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Old 12-18-06, 03:10 PM
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Now your talkin' the right lingo. Your description is making more sense, but I can't understand the point of having a pressure tank on your system.

There may be a foot valve on there, and maybe not. The well could be a 4" well that has a piece of PVC down in it with a foot valve on the end. Some people have irrigation wells that were originally drinking water wells before the City brought in City Water pipes. Others have wells they had dug just for the St. Augustine grass and those would be less than 2" since the Water Management District draws a line at 2" or less as to permitting.

You may have to call a pro. No shame in that, my father consulted a water well pro from time-to-time. There was no way he was going to pull a submersible from a hundred or more feet up. My grandfather would almost never call a pro, but my grandmother, unlike my mother, didn't complain (as much) when there was no water to drink. And my wife gets hysterical if I have to turn the water off to fix a faucet. Times sure change.

If you do call a pro, try to be there when he comes. You want to soak up as much as you can from him. Ask about the tank. Ask about the check valve.

I think that Flotec (according to Pumpman here) is made by Sta-Rite, but he says it is a degraded version under a different name -- I think I remember that he said that once.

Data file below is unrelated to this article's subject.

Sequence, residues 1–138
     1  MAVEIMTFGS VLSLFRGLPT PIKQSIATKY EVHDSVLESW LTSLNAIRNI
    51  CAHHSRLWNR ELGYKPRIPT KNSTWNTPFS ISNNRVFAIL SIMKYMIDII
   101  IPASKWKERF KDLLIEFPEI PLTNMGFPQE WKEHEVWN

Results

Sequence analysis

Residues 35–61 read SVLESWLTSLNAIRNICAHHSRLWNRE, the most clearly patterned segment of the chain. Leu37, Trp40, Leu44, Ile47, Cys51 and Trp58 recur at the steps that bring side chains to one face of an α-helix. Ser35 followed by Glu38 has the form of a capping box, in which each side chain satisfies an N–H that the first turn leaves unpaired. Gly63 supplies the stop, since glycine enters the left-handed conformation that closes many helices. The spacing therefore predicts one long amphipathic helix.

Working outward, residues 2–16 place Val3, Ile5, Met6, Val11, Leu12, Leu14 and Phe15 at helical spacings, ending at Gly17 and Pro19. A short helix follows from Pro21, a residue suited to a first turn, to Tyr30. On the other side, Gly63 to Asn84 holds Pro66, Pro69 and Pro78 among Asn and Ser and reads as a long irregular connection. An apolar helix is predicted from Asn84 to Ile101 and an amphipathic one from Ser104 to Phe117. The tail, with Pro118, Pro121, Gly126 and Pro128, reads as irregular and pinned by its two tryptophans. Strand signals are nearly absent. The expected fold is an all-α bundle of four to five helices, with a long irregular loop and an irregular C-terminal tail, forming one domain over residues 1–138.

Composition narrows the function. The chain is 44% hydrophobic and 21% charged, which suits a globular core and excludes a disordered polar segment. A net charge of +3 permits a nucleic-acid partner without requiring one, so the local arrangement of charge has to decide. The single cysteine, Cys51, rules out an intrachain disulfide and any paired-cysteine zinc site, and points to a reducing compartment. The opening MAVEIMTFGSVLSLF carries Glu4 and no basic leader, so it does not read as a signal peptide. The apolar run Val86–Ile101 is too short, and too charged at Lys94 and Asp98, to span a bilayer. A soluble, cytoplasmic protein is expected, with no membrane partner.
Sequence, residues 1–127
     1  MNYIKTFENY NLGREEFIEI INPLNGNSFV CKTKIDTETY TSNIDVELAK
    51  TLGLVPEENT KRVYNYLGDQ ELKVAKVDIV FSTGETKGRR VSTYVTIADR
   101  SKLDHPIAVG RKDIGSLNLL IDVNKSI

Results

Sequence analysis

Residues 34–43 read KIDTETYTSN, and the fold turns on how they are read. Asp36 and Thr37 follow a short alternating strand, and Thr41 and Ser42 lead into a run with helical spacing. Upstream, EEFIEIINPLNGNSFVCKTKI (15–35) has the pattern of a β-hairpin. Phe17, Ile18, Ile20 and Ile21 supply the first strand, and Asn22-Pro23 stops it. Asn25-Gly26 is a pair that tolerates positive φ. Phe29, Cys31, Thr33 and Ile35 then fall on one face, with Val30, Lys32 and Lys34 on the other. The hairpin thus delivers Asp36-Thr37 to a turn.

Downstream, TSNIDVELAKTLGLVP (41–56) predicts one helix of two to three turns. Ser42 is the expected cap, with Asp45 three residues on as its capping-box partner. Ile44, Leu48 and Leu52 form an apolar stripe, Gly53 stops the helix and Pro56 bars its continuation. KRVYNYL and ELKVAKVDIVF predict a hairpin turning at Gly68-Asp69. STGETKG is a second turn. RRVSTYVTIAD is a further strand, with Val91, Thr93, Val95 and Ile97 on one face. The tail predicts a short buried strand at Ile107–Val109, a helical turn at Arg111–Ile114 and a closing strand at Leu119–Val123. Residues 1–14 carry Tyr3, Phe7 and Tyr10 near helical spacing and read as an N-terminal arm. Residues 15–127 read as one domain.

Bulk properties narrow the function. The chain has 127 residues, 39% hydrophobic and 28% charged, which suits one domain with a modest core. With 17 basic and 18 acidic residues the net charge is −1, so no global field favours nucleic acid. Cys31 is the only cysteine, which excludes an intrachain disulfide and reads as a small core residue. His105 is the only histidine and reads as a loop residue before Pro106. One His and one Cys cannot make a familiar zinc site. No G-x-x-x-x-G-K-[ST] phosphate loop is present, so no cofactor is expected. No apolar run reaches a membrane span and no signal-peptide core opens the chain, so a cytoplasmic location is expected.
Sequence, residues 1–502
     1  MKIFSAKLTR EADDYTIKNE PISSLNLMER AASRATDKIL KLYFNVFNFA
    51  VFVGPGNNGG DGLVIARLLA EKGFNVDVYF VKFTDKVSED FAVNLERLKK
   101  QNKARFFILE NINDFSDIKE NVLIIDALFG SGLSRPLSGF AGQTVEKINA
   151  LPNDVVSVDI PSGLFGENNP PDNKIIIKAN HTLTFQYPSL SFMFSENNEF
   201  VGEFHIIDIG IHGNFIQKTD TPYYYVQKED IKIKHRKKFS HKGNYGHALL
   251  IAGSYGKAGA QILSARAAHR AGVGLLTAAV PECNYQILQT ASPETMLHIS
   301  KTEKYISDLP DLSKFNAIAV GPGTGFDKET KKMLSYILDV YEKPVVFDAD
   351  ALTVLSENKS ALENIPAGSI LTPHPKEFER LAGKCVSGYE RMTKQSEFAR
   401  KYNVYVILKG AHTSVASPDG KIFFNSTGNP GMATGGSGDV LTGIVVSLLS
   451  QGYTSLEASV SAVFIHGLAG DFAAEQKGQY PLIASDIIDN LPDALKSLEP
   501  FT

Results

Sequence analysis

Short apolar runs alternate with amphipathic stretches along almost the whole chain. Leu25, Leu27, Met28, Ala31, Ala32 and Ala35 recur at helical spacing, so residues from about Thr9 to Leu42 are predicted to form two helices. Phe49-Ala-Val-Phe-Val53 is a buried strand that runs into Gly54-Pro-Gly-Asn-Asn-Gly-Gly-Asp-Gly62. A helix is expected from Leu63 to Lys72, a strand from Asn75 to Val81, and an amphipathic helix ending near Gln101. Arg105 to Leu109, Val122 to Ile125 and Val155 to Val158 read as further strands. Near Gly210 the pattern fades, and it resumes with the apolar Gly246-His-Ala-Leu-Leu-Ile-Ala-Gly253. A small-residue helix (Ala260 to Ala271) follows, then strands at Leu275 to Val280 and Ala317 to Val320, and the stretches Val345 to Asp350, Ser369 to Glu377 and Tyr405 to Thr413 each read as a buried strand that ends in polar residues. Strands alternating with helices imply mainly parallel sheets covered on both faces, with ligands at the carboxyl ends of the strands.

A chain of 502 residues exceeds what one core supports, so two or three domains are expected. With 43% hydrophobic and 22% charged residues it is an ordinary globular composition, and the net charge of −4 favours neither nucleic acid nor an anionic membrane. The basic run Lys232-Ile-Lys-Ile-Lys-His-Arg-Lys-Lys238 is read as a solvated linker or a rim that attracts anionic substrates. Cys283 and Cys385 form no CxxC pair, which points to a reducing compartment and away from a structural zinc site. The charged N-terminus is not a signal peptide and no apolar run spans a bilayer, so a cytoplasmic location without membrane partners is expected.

Flotec is sold mostly at HD and is not very good. They work, but not very well nd they don't last very long. Real Sta-Rites are the way to go from what I have seen, although the old Sears brand pumps were pretty good. Don't know if they still are. Pumpman says they are made by Sta-Rite, too but not as good as a real Sta-Rite, but they are at least $100 cheaper when they are on sale.

You could replace the pump yourself. Not very hard. Put in a check valve, too. Just a little PVC work, but I guess if you call a pro you should let him do it. Try to watch that, too. It's very educational.

If you are on a septic system, you should start boning up on that, too. The time to learn about these things is before they act up, not after. It's hard to tell what is wrong if you don't know how it's supposed to be working in the first place.

--Oh, I forgot to mention that even if you have to hire a pro, your time learning about all this has not been wasted. Honest well men can be a bit hard to find and by learning a little something about all this, you can help keep yourself from being ripped off. Learning the lingo helps.
 

Last edited by Vey; 12-18-06 at 06:26 PM.